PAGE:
A Daydream Believer and a Homecoming Queen
“Cheer up, Sleepy Jean.
Oh what can it mean, to
A Daydream Believer and
a Homecoming Queen…”
The Monkees sang this song to the top of the pop charts way back in 1968, when words like “Internet,” “blog,” “Facebook,” and “Taliban” had yet to be invented. But I like to think that Monkees frontman Davy Jones, who died in February of this year, would be pleased with the context in which his song came into my mind this week.
For me, October 2012 has become the month of strong women – or to be precise, strong girls – showing us all the power of technology to change the world. Sometimes to great personal validation, and sometimes to great personal sacrifice.
For Whitney Kropp, a 16-year-old sophomore in rural West Branch, Michigan, the world she changed was the few hundred square yards of a football field. To the casual observer, that might seem like a pretty limited piece of real estate – but for everyone who’s lived through the teenage social status battleground that we call “high school,” we all (sometimes still painfully) recall how all-consuming and all-important that world can be.
Last month, Whitney – a self-proclaimed “not popular” girl – was stunned and thrilled to learn that she had been elected to her school’s homecoming court. (Truth be told, I always dreamed of being my school’s homecoming queen. At least I got the second part right. And I’ll just leave it at that…) But Whitney’s elation turned to embarrassment and shame when she learned that her nomination and election were the result of a meanspirited prank by classmates to publicly humiliate her.
Enter West Branch resident Jamie Kline, who was outraged by the cruel joke. She launched the “Support Whitney Kropp” Facebook page, which became an instant viral sensation, garnering more than 58,000 “Likes” in its first week. (And the page remains active, currently showing more than 145,000 “Likes.”) The local community rallied around Whitney, and social media supporters on Facebook and Twitter encouraged the teen to stand up to her bullies.
Whitney attended her homecoming court, walking onto the football field in a dress and styling donated by local merchants, and received a standing ovation from a packed crowd in the bleachers – including people who had driven in from neighboring counties to support her. Media coverage of the homecoming became worldwide, and Whitney has become a social media star, speaking out on YouTube and network television about the importance of standing up to bullying. This week, Whitney received a commendation from the Michigan state senate for her courage.
Half a world away, 15-year-old Malala Yousafzai lies in an intensive care ward in a London hospital, fighting for her life after being shot in the head and neck by a still-at-large Taliban assailant. Malala was attacked last week while riding in a school bus in her hometown of Abbottabod, Pakistan.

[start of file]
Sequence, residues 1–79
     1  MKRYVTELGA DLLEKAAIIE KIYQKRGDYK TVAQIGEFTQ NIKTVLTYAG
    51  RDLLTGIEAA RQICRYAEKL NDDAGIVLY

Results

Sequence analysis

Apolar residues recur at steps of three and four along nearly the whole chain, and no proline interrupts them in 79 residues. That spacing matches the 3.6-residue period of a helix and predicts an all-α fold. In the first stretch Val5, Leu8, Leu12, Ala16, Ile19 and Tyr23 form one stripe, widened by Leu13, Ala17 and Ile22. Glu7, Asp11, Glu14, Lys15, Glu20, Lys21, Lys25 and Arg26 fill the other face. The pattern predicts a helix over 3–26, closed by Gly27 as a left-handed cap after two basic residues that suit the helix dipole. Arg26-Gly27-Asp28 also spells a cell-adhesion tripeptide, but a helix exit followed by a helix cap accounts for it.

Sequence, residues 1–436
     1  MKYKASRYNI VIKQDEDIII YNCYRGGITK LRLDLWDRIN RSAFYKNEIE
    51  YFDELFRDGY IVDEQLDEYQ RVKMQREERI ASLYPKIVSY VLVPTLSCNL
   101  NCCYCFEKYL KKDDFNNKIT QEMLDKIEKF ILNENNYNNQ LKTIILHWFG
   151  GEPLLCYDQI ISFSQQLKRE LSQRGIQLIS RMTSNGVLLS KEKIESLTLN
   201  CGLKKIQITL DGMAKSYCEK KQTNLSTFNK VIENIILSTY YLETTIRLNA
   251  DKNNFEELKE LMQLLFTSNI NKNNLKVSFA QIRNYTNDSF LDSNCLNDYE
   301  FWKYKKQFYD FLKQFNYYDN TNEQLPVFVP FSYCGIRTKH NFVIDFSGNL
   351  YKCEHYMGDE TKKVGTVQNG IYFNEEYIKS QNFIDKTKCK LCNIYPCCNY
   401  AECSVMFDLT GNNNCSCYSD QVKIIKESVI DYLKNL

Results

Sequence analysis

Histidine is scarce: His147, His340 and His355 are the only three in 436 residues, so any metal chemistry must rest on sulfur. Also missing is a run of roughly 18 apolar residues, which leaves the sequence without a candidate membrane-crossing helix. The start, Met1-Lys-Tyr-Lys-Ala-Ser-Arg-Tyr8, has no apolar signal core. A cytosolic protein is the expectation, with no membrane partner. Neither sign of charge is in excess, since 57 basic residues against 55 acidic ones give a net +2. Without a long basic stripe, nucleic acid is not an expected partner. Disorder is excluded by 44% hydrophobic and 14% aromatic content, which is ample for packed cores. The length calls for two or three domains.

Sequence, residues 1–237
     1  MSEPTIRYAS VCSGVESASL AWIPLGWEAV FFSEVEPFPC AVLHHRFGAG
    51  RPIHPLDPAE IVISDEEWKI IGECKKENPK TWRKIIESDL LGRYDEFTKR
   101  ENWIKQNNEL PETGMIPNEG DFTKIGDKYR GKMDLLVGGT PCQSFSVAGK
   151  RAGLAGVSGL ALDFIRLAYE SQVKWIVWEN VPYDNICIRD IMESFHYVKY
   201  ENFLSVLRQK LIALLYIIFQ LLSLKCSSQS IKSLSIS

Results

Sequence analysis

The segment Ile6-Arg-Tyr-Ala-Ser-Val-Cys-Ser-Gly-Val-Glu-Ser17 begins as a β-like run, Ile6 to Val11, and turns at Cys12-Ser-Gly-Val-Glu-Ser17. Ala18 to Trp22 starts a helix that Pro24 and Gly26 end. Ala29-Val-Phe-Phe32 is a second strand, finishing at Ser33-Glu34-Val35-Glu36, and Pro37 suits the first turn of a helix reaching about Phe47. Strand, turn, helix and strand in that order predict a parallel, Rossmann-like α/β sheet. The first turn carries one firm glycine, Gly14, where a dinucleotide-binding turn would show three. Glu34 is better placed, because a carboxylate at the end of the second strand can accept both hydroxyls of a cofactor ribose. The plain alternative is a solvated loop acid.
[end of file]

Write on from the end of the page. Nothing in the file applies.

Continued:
Malala had been living under the threat of Taliban attacks since the age of 11, when she started writing a blog which detailed her dreams and struggles with securing an education within repressive Taliban-controlled areas of Pakistan. One post, entitled, “I am Afraid,” described a nightmare she had of military helicopters and the Taliban attacking her. As her blogs reached international prominence, Malala herself also became a greater symbol of the rights and needs of children. Last year, she was nominated for the International Children’s Peace Prize, and won Pakistan’s first National Youth Peace Prize. Earlier this year, under UNICEF sponsorship, Malala took a delegation through Peshawar to talk to local politicians about children’s rights. Social media provided a worldwide platform for Malala to advocate for social change. But in the minds of the Taliban, it escalated the potency of the threat to their regime posed by a lone teenage girl.
The attempt on Malala’s life has drawn worldwide condemnation against the Taliban, but in Pakistan, there are those who have sided with the regime. These forces claim that Malala was an agent of Western powers. Such claims have, in turn, created another firestorm of criticism in the blogosphere. “Come on, brothers, be REAL MEN. Kill a school girl,” tweeted Nadeem F. Paracha, a Pakistani progressive activist, in a recent post.
Two teenage girls, almost the same age, both living in rural communities, both ostracized for daring to be different from what their respective societal norms wanted them to be. The homecoming queen and the daydreamer. Both rose to unexpected prominence through the world of social media. For Whitney Kropp, the story has a happy ending. Let’s hope that Malala Yousafzai gets the chance to have her happy ending, too.
“You once thought of me
As a white knight on a steed.
Now you know how happy I can be.
Oh, and our good times starts and end
Without dollar one to spend.
But how much, baby, do we really need.
Cheer up, Sleepy Jean.
Oh, what can it mean.
To a daydream believer
And a homecoming queen.”